KC-X: Split Buy Is Back, Or Is It?

January 17, 2011

There has been a persistent drum beat in Europe about a split buy in the U.S. Air Force’s KC-X tanker program.

Now, with the Pentagon about to solicit “best and final” offers from Boeing and EADS, there are again rumblings in Europe of a split buy. EADS officials note they will talk to the Pentagon about any deal that involves buying their A330-based tankers, whether it is a dual-buy or an outright win.

It is not quite clear what is driving Europe’s insistence a split buy is looming.

One possibility is that the Pentagon’s decision, last month,  to split the U.S. Navy Littoral Combat Ship, is seen as a sign of what is to come. There are big differences, though, between the LCS and KC-X situation; whereas the two LCS designs differ significantly, which could explain why the Pentagon may have decided to take a closer look at the operational benefits of each, that is not the case on the tanker program. Buying a 767-based and A330-based tanker hardly comapares with the operational differences offered by buying both a monohull and catamaran. Replicating the LCS situation on tanker would require one bidder to offer, perhaps, a blended wing body.

So why does the split buy idea keep being resurrected, especially given that, time and time again the Pentagon has said an acquisition of both is not a road it wants to pursue? Among European program watchers, the customer’s preference does not seem to mean much. One likely reason is that in Europe, customer interests are usually subservient to industrial interests and political expedience, so a split would be a natural choice.

Perhaps the best chance for a split buy is competition and program fatigue. The original tanker acquisition plan — at the time conceived as a lease — is now almost a decade old. Will the Pentagon and Congress tire of another competition, GAO protest, and lack of progress to actually fielding hardware to replace the aging KC-135s? If so, perhaps the Europeans may end up being right, even if at the cost of extra taxpayer money being spent on tankers throughout the program’s life.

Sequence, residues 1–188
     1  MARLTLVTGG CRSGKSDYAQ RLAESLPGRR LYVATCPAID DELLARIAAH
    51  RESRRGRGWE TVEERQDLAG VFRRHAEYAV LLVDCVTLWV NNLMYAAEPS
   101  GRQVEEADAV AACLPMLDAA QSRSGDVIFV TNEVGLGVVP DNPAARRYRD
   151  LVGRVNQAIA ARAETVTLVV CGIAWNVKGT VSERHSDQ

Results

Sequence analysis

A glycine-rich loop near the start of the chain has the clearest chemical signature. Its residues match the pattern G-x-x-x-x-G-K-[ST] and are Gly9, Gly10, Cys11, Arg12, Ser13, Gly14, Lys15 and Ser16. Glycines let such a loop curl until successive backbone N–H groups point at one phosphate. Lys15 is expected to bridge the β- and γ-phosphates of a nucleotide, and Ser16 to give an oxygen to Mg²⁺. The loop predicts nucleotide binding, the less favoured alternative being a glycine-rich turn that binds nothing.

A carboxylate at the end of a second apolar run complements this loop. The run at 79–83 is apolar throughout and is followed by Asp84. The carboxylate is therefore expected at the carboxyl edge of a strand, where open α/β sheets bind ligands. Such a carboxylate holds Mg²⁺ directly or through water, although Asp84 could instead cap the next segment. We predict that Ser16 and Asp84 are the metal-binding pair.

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Brazil Highlights U.S. Tech Transfer Concerns

November 8, 2009

The Brazilian fighter competition is proving how hard it is for the U.S. to make the case it will support technology transfer demands posed by potential buyers of U.S. equipment.

Brazil has been asking for extensive technology transfer as it considers buying the Dassault Rafale, Saab Gripen or Boeing F/A-18E/F. Early in the competition, the knock on the U.S. campaign was that Washington wouldn’t let enough technology transfer take place to satisfy the Brazilian government. However, U.S. officials say that eventually changed, and that the U.S. put together an extensive tech transfer package.

But in Brazil there are apparently still questions about the U.S. technology release approach, as this article highlights. If Brazilian defense minister Nelson Jobim really doesn’t have confidence in the U.S. committment, then that’s bad news for Boeing, regardless of what promises may have been made when the aircraft maker, along with its rivals, submitted final bids last month.

Washington should get an answer soon, with Brazil promising to announce by year-end the winner of its muddled fighter competition — with President Lula having first announced Rafale had won, only for the military to say the competition was still open.

If Boeing can’t win, the Pentagon may want to undertake the kind of after action France undertook after Rafale failed repeatedly to secure export orders.